Vinblastine plus ifosfamide plus cisplatin as initial salvage therapy in recurrent germ cell tumor

Patrick Loehrer, René Gonin, Craig R. Nichols, Tess Weathers, Lawrence Einhorn

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314 Citations (Scopus)

Abstract

Purpose: This study was designed to assess the effectiveness of vinblastine, ifosfamide, and cisplatin (VeIP) as second-line therapy in patients with recurrent germ cell tumors with previous treatment with cisplatin plus etoposide, usually in combination with bleomycin. Patients and Methods: From July 1984 through December 1989, 135 patients with progressive, disseminated germ cell tumors after cisplatin-etoposide-based combination therapy induction chemotherapy were treated with VeIP. Patients who progressed within 3 weeks of previous cisplatin therapy were not eligible. Progression was documented by biopsy or increasing serum markers. No exclusion was made on the basis of metastatic site or performance status. The dosages were vinblastine 0.11 mg/kg/d (days 1 and 2), ifosfamide 1.2 gm/m2/d (days 1 through 5), and cisplatin 20 mg/m2/d (days 1 through 5), with courses repeated every 21 days for four cycles. Results: Sixty-seven (49.6%) patients achieved a disease-free status after chemotherapy with or without surgical resection of residual carcinoma or teratoma. Overall, 42 (32%) patients are alive and 32 (23.7%) are continuously free of disease. None of the 32 patients with nonseminomatous extragonadal tumors are disease-free compared with 30 of 100 patients with gonadal primaries. Two of three extragonadal seminomas are continuously disease-free. Conclusion: VeIP is capable of producing durable complete remissions in patients with disseminated germ cell cancer who relapse after cisplatin-etoposide-based induction therapy. Long-term disease-free survival is not seen in those patients with extragonadal nonseminomatous germ cell tumors.

Original languageEnglish
Pages (from-to)2500-2504
Number of pages5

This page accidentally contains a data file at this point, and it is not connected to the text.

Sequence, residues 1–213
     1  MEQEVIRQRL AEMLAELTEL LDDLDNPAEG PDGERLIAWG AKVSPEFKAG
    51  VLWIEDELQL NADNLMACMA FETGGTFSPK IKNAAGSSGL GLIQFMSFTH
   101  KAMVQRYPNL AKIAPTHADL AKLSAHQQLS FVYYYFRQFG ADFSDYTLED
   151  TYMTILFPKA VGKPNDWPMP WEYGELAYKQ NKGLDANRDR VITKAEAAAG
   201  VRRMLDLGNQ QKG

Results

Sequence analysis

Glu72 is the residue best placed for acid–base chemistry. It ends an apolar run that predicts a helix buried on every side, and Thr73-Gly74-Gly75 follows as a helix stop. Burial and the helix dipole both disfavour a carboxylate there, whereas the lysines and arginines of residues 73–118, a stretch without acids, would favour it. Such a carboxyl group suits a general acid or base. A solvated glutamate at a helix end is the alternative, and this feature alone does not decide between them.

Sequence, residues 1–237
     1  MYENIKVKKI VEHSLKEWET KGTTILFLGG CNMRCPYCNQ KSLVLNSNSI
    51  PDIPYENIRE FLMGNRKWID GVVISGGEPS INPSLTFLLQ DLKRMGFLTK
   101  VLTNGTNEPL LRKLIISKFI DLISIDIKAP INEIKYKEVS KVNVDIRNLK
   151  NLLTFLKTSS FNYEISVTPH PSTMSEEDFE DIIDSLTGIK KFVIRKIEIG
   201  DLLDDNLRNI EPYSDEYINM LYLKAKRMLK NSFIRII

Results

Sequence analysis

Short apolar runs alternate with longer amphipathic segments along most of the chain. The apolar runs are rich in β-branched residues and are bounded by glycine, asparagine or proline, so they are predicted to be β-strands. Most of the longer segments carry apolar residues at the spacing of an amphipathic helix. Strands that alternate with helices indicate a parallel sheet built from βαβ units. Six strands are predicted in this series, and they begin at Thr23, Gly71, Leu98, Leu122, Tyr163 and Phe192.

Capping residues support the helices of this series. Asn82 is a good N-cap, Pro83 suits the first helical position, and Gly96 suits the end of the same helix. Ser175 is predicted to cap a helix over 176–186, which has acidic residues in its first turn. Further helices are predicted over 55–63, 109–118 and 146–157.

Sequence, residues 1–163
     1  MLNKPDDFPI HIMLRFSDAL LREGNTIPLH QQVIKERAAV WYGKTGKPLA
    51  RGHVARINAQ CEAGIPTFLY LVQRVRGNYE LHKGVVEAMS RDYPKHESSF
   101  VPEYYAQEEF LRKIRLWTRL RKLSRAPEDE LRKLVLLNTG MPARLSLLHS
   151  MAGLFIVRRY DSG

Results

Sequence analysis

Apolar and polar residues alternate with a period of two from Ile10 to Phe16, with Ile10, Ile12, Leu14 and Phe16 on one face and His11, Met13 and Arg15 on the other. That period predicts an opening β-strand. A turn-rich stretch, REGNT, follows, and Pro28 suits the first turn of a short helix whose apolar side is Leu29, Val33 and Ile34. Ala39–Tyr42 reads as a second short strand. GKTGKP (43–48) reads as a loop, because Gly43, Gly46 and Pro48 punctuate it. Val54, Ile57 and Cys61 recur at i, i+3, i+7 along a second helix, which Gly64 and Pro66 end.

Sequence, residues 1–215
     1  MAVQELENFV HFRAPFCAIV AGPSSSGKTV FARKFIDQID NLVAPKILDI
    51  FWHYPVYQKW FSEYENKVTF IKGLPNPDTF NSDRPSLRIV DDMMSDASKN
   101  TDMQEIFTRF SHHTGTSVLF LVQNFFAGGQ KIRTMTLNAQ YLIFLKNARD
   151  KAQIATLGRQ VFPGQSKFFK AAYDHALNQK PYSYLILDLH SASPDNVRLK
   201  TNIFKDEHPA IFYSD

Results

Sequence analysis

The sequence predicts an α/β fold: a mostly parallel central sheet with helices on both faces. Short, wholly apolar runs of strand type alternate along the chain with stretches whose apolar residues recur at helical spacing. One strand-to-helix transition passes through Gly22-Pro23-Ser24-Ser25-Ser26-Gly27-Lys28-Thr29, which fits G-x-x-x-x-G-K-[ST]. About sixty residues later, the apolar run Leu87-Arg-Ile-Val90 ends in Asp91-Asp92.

JournalJournal of Clinical Oncology
Volume16
Issue number7
StatePublished - Jul 1998

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Salvage Therapy
Ifosfamide
Vinblastine
Germ Cell and Embryonal Neoplasms
Cisplatin
Etoposide
Therapeutics
Seminoma
Induction Chemotherapy
Teratoma
Bleomycin
Disease-Free Survival
Biomarkers
Carcinoma
Biopsy
Recurrence
Drug Therapy

ASJC Scopus subject areas

  • Cancer Research
  • Oncology

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Vinblastine plus ifosfamide plus cisplatin as initial salvage therapy in recurrent germ cell tumor. / Loehrer, Patrick; Gonin, René; Nichols, Craig R.; Weathers, Tess; Einhorn, Lawrence.

In: Journal of Clinical Oncology, Vol. 16, No. 7, 07.1998, p. 2500-2504.

Research output: Contribution to journalArticle

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abstract = "Purpose: This study was designed to assess the effectiveness of vinblastine, ifosfamide, and cisplatin (VeIP) as second-line therapy in patients with recurrent germ cell tumors with previous treatment with cisplatin plus etoposide, usually in combination with bleomycin. Patients and Methods: From July 1984 through December 1989, 135 patients with progressive, disseminated germ cell tumors after cisplatin-etoposide-based combination therapy induction chemotherapy were treated with VeIP. Patients who progressed within 3 weeks of previous cisplatin therapy were not eligible. Progression was documented by biopsy or increasing serum markers. No exclusion was made on the basis of metastatic site or performance status. The dosages were vinblastine 0.11 mg/kg/d (days 1 and 2), ifosfamide 1.2 gm/m2/d (days 1 through 5), and cisplatin 20 mg/m2/d (days 1 through 5), with courses repeated every 21 days for four cycles. Results: Sixty-seven (49.6{\%}) patients achieved a disease-free status after chemotherapy with or without surgical resection of residual carcinoma or teratoma. Overall, 42 (32{\%}) patients are alive and 32 (23.7{\%}) are continuously free of disease. None of the 32 patients with nonseminomatous extragonadal tumors are disease-free compared with 30 of 100 patients with gonadal primaries. Two of three extragonadal seminomas are continuously disease-free. Conclusion: VeIP is capable of producing durable complete remissions in patients with disseminated germ cell cancer who relapse after cisplatin-etoposide-based induction therapy. Long-term disease-free survival is not seen in those patients with extragonadal nonseminomatous germ cell tumors.",
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